Hello there! I'm Dr. Vinifera, or "Vinny" for short. Ask me your toughest wine questions, from the technical aspects of winemaking to the fine points of etiquette. I hope you find my answers educational and even amusing. Looking for a particular answer? Check my archive and my FAQs. You can also follow me on Twitter: @AskDrVinny.
Dear Dr. Vinny,
Last night, I had a great dinner matched with a fine wine from a nice vintage and wine region. The wine steward said that the wine was great because of its great midpalate. What does he mean by midpalate?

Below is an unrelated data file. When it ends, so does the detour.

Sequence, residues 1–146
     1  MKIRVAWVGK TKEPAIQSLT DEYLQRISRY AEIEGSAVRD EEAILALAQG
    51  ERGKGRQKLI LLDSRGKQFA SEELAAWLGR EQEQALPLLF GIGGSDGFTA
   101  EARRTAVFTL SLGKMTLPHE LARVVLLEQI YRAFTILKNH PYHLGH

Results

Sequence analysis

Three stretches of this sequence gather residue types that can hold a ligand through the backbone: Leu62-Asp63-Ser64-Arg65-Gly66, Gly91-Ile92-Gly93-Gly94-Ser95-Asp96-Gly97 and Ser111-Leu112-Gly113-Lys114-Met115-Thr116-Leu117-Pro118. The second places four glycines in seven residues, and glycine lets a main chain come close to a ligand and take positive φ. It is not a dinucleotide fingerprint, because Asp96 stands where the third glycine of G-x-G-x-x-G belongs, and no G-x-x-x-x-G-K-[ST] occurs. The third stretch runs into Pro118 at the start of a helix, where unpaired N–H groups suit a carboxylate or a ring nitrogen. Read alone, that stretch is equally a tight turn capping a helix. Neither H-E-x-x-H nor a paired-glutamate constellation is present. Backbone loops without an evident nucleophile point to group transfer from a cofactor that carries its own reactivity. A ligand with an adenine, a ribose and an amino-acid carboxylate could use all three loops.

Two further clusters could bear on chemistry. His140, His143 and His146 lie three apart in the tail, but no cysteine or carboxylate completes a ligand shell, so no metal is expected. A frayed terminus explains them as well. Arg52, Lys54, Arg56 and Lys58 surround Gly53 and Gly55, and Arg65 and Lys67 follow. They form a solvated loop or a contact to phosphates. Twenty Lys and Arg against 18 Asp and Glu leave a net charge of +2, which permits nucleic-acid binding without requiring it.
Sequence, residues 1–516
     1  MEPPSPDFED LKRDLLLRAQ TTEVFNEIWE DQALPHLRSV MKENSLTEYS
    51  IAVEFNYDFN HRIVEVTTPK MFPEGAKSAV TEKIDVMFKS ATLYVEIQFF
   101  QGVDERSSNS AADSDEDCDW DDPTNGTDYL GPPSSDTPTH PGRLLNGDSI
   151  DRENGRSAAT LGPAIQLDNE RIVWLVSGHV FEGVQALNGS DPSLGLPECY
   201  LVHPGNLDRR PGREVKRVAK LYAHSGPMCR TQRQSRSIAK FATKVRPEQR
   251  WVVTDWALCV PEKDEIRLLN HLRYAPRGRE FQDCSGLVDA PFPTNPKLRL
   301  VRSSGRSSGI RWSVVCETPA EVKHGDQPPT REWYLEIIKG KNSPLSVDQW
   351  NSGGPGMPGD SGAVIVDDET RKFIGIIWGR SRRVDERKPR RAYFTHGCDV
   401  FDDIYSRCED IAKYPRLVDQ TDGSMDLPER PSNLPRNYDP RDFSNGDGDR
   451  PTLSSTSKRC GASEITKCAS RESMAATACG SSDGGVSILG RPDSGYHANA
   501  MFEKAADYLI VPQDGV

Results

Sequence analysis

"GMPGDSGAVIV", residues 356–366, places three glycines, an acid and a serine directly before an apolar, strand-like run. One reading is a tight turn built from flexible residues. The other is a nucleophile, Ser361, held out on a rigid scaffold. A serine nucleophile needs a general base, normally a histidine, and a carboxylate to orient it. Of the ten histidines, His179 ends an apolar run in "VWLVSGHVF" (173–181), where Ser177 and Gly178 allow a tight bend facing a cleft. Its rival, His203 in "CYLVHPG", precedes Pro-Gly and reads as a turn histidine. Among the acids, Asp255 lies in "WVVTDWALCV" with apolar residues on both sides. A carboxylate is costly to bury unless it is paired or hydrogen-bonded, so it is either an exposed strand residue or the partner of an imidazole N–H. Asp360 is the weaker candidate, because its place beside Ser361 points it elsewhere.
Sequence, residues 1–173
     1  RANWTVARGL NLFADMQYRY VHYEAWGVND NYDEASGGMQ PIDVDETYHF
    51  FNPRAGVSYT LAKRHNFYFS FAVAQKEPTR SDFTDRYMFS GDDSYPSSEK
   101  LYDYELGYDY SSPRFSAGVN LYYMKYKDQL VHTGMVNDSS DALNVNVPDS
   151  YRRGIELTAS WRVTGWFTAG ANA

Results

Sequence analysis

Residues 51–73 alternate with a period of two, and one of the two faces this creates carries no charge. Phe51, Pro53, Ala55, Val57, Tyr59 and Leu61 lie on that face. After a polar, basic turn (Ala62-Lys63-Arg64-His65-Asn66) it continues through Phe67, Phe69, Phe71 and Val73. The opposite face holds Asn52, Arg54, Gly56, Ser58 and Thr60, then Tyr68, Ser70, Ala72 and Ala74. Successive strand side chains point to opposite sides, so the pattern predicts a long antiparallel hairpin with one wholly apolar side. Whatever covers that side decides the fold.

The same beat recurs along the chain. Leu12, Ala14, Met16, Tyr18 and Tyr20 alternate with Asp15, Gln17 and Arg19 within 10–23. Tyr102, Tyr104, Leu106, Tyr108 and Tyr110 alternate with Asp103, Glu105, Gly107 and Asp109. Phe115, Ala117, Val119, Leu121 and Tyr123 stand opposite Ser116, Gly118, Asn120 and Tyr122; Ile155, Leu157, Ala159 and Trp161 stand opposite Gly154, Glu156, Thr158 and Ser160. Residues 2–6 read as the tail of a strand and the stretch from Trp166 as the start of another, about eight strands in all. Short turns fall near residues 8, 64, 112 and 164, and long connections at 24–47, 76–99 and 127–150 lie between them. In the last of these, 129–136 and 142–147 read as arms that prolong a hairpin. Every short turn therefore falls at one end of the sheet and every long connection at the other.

—Catosa, Los Cabos, Mexico
Some people break the sequence of tasting down into three stages: "attack" (the first impression as the wine hits the palate), "midpalate" (what registers as you hold the wine in your mouth before swallowing) and the "finish" or "aftertaste" (what's left after swallowing or spitting). For most wines, most of the interesting flavors happen on the midpalate, so to compliment it may not be saying much. If the impression between the first taste and swallowing is disappointing, sometimes a wine is described as "hollow" or having a "hole in the middle."
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